The year 1622 saw what many consider to be “the most brilliantly conceived, planned, and executed uprising against white aggression in the history of the American Indians.” It was orchestrated by Opecancanough, chief of the Powhatans, who, while openly professing love and affection for the settlers of Jamestown, was, for almost a decade, secretly plotting for the indiscriminate massacre of every man, woman and child in the colony.
On March 21, 1622, the Indians came to the plantation homes bringing food gifts to share. But on March 22, 1622, while socializing with the settlers, an Indian war whoop signaled the commencement of the hostilities. As one, the Indians fell upon the colonists, quickly moving from the plantation homes into the fields and towards the main settlement, attacking the unsuspecting colonists without mercy nor regard to age or sex. Those who perished, died within an hour of the first blow. And yet, despite the well conceived surprise attack, 893 souls of the 1240 settlers survived – all because of the actions of two men.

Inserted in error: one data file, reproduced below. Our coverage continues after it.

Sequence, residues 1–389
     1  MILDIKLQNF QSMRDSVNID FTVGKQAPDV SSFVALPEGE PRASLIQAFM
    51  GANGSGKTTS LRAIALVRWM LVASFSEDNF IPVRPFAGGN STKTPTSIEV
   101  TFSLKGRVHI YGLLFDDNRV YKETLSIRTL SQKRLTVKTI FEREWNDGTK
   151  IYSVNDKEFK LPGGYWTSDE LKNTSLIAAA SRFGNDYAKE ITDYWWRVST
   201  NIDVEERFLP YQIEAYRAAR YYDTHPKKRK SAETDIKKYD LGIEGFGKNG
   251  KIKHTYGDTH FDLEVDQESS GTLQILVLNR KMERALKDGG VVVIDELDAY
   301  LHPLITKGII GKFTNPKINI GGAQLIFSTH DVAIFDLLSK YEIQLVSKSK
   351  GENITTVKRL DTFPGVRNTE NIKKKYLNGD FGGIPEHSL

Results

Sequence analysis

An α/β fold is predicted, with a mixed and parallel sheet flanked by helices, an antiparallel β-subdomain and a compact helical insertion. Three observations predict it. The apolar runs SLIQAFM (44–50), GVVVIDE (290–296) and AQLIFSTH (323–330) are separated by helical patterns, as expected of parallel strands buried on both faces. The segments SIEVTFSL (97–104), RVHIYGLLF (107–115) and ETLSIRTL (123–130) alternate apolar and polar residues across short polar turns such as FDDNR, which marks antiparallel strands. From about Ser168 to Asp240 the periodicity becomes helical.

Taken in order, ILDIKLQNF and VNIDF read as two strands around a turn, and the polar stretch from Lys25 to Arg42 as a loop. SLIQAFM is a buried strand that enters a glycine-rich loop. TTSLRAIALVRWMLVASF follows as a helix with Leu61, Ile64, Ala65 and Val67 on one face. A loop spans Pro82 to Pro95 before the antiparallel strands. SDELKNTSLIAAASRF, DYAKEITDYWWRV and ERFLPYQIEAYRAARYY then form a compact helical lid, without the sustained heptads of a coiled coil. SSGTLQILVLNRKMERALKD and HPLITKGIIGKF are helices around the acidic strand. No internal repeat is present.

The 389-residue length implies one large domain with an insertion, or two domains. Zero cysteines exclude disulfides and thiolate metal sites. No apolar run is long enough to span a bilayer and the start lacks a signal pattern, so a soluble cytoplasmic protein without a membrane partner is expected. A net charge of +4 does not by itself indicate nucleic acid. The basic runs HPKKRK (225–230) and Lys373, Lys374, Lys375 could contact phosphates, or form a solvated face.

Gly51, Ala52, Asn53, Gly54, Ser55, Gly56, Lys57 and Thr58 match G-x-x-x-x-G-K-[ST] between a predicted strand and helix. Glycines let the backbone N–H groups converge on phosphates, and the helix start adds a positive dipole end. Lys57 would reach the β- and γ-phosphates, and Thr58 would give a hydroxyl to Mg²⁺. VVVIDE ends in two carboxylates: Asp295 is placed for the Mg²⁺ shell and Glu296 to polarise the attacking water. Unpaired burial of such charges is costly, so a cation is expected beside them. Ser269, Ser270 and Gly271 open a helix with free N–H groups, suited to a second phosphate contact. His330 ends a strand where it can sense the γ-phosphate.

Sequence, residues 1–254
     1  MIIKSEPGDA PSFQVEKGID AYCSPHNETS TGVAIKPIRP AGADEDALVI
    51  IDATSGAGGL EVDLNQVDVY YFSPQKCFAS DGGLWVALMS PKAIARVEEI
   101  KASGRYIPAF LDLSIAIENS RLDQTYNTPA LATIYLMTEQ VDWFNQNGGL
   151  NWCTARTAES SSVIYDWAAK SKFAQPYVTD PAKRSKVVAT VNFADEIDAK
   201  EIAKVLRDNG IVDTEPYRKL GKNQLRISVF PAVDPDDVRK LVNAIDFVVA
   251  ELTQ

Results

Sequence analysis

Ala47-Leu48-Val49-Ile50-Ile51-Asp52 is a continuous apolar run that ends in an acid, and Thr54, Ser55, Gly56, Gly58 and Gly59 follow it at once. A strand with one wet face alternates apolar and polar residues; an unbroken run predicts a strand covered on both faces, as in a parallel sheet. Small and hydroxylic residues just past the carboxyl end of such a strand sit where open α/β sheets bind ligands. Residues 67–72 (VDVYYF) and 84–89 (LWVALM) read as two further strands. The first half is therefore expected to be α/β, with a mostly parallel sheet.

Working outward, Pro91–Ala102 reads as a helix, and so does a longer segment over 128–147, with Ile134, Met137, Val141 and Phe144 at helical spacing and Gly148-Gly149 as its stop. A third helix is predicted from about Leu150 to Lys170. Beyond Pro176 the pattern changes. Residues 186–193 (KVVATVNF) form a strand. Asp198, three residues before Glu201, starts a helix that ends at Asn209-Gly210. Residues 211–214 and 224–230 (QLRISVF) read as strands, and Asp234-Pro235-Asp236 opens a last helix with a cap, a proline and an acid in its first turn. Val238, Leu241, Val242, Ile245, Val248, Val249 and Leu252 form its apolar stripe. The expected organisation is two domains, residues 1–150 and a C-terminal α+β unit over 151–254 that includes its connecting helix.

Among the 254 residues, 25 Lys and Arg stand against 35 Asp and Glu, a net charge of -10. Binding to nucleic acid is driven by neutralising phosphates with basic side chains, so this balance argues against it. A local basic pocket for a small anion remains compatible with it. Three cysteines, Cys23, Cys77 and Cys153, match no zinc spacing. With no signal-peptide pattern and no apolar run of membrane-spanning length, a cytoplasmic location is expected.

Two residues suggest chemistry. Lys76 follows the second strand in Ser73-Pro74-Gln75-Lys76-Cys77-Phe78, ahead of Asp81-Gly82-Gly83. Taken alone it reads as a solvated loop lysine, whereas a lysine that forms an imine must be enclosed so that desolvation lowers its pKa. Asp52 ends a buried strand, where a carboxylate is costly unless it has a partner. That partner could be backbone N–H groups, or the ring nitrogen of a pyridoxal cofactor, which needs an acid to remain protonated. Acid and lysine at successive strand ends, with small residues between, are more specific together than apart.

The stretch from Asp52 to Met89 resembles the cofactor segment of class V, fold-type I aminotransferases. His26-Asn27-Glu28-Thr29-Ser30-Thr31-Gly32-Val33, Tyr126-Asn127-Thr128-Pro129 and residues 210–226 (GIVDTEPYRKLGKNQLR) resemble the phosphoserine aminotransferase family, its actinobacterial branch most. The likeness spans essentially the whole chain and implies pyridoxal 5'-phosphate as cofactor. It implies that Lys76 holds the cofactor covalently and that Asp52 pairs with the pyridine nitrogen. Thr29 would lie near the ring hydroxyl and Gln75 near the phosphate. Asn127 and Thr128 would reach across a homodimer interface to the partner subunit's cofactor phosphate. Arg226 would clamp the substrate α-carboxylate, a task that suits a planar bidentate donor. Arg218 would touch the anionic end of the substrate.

The night before the planned assault, two Indian brothers who had embraced Christianity and were in the employ of two different colonist families, were discussing the impending raid. They had instructions to strike down their patrons at noon the next day as the main attack was beginning. One of the brothers, Chanco, lived in the plantation home of Richard Pace who had always treated him as a son, educating him alongside his own son George. When his Indian brother left for his own house, Chanco woke Pace and warned him what was about to happen.
Pace acted quickly. He secured his family and as many neighbors there was time to reach and then rowed the three miles across the James River to warn the inhabitants of Jamestown. Defensive measures were taken and as the Indians approached the main settlement, they were quickly repelled.
Richard Pace was the 10th great grandfather of my daughter-in-law. His actions saved the lives of the 893 surviving colonists. Among them was one of my ancestors, William Cantrell.
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